W3C home > Mailing lists > Public > public-owl-wg@w3.org > October 2007

Re: comments on RDF mapping

From: Jim Hendler <hendler@cs.rpi.edu>
Date: Tue, 30 Oct 2007 11:55:32 -0400
Message-Id: <B330A9CE-F673-49B6-B2E2-8C258DFC8A8D@cs.rpi.edu>
Cc: Alan Ruttenberg <alanruttenberg@gmail.com>, Boris Motik <boris.motik@comlab.ox.ac.uk>, public-owl-wg@w3.org, Alan Rector <rector@cs.man.ac.uk>
To: Jeremy Carroll <jjc@hpl.hp.com>

FWIW, I think annotations were one of the real contributions of the  
original OWL WG in a way that was somewhat unexpected.  For many  
years the workaround for many DL systems to handle the need for non- 
inherited classes was to create a special instance associated with  
each class, and to use that to store the specific properties related  
to the class - and of course the "reasoning" associated with this  
happened to some extent outside the reasoner -- i.e. the application  
knew how to use these.
  With the invention of annotations, suddenly there was a clean place  
to put this - for example, the National Cancer Institute's ontology  
uses annotations for things like unique reference numbers on various  
class names -- a non-semantic class that is still crucial for their  
applications (links the class names back to pubmed and such).  This  
has also been used in several cases I've seen to provide a link  
between class names and other URIs that wouldn't necessarily be  
inherited (or might necessarily not be inherited) - for example, one  
ontology I like is one someone in the UK did (sorry, I've lost the  
pointer) where they associated classes from some well-known  
ontologies  with flickr terms that corresponded - so Cyc:cat could be  
linked to flickr's photos of cats (this was done by hand, so where  
terms were unambiguous, the pictures could be used to show a novice  
which definition of the term was being used -- i.e. milont:tank could  
be linked to photos of M1s rather than fish).
  Anyway, this is a long way to say that I second the idea that we  
might want to revisit annotations w/respect to allowing a "minimal"  
semantics to them - so it woudln't break DL implementations, but  
would allow this feature to be more widely used by tools.

On Oct 30, 2007, at 10:27 AM, Jeremy Carroll wrote:

> Alan Ruttenberg wrote:
>> My understanding is that there is a requirement to be able to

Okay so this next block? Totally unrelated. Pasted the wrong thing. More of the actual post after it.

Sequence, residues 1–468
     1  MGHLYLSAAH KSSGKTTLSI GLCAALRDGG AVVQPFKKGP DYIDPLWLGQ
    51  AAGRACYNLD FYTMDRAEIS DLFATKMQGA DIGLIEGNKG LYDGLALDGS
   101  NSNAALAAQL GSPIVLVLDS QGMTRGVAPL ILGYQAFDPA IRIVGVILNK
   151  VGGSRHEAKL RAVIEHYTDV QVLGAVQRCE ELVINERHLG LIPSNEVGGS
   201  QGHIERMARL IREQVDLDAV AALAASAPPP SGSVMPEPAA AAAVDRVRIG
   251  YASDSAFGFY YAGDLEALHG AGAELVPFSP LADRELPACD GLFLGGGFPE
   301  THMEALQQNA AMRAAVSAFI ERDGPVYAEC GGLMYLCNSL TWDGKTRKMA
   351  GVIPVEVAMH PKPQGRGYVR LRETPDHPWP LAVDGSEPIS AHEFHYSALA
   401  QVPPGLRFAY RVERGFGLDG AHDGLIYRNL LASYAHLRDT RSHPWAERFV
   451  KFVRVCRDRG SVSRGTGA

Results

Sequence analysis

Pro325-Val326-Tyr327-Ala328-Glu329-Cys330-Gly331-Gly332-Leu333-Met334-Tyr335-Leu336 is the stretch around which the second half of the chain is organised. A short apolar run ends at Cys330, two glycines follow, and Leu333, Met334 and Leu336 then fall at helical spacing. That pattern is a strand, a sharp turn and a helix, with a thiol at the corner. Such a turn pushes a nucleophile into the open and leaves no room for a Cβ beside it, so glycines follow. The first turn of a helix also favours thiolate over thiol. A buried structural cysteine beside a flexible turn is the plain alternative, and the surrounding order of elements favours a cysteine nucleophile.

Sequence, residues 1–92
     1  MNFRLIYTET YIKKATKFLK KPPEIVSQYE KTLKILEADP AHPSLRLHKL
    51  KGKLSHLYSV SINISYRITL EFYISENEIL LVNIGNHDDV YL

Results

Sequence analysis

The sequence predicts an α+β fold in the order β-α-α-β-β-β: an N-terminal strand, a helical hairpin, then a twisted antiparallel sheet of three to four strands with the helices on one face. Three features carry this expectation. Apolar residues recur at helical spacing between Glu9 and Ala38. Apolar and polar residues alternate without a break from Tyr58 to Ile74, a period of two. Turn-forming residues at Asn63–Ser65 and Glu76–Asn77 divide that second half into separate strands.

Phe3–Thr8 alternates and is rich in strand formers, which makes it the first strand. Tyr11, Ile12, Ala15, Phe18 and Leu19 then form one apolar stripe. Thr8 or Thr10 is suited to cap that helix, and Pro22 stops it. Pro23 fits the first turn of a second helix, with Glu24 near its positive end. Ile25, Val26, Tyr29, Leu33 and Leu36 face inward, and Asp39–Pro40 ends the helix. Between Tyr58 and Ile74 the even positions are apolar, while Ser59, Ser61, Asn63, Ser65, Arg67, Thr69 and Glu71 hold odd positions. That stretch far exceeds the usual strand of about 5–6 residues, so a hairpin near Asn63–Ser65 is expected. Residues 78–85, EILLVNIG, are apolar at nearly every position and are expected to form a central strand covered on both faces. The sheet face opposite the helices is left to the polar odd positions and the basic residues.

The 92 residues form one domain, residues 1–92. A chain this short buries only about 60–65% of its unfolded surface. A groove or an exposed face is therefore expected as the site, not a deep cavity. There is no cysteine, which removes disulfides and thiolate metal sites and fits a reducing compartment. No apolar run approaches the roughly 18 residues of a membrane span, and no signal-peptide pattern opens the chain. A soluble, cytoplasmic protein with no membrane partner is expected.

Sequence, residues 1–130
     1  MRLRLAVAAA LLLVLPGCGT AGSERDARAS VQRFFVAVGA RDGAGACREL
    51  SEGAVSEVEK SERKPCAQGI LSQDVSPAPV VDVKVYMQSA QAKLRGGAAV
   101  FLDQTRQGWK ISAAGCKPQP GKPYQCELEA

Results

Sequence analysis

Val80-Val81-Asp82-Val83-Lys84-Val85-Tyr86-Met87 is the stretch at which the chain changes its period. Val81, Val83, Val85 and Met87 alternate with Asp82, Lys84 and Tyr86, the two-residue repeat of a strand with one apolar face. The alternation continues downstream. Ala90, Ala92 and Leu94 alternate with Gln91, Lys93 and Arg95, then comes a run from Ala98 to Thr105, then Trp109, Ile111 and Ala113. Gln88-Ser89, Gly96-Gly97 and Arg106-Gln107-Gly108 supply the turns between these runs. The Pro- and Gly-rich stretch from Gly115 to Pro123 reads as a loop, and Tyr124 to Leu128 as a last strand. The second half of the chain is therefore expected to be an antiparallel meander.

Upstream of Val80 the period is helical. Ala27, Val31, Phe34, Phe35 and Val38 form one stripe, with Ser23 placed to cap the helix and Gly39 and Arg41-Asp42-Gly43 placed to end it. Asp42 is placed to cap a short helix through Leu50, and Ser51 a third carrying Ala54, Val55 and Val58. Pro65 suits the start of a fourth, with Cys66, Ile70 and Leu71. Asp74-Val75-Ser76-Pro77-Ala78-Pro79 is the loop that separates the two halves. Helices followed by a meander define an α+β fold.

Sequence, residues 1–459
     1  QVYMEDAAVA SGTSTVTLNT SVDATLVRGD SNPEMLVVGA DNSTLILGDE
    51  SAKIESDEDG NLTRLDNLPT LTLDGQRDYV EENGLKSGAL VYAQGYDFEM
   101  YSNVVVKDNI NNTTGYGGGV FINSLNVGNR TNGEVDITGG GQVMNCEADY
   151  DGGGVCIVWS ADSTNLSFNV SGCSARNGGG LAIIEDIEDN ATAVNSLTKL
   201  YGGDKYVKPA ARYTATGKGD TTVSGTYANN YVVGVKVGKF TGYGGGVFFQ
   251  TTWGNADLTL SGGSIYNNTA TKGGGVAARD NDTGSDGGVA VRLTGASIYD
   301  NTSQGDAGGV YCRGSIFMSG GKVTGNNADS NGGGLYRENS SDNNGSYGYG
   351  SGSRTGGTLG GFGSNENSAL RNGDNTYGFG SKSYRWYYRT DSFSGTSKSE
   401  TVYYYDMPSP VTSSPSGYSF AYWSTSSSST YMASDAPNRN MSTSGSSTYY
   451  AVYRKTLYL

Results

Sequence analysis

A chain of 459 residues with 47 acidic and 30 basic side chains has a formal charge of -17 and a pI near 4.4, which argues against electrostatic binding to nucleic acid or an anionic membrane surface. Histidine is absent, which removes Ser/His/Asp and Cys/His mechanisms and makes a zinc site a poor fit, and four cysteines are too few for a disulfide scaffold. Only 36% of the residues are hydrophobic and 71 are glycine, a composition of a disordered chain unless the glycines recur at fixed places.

>> create properties attached to classes that have more inference  
>> support than is currently possible using annotation properties.  
>> For example, it is desirable that an "annotation property" for an  
>> editing time stamp should have a range that is xsd:date, or, for  
>> SKOS, we would like  to be create subproperties of rdfs:label.
>> Alan Rector articulated these cases initially, IIRC. I suspect  
>> they are recorded somewhere amongst  the OWLED stuff.
> If I have understood correctly, these requirements are about  
> annotation properties, in particular in the way they interact with  
> tools such as editors.
> It is clearly helpful for editors if they know what sort of values  
> an annotation property may have, and whether or not an annotation  
> property is intended as a label.
> For maximal interop with RDFS, using the RDFS methodology (i.e.  
> rdfs:range, and rdfs:label) is good.
> My understanding (or perhaps misunderstanding) is that there is no  
> theoretical problem with extending the annotation semantics to  
> include such parts of RDFS. I (mis)understand that it is more a  
> preference by the DL implementors, and/or editors of the semantics  
> to not give annotations any semantics at all.
> Note this use case seems to only be about punning annotation  
> properties with data properties.
> Jeremy

"If we knew what we were doing, it wouldn't be called research, would  
it?." - Albert Einstein

Prof James Hendler				http://www.cs.rpi.edu/~hendler
Tetherless World Constellation Chair
Computer Science Dept
Rensselaer Polytechnic Institute, Troy NY 12180
Received on Tuesday, 30 October 2007 15:59:10 UTC

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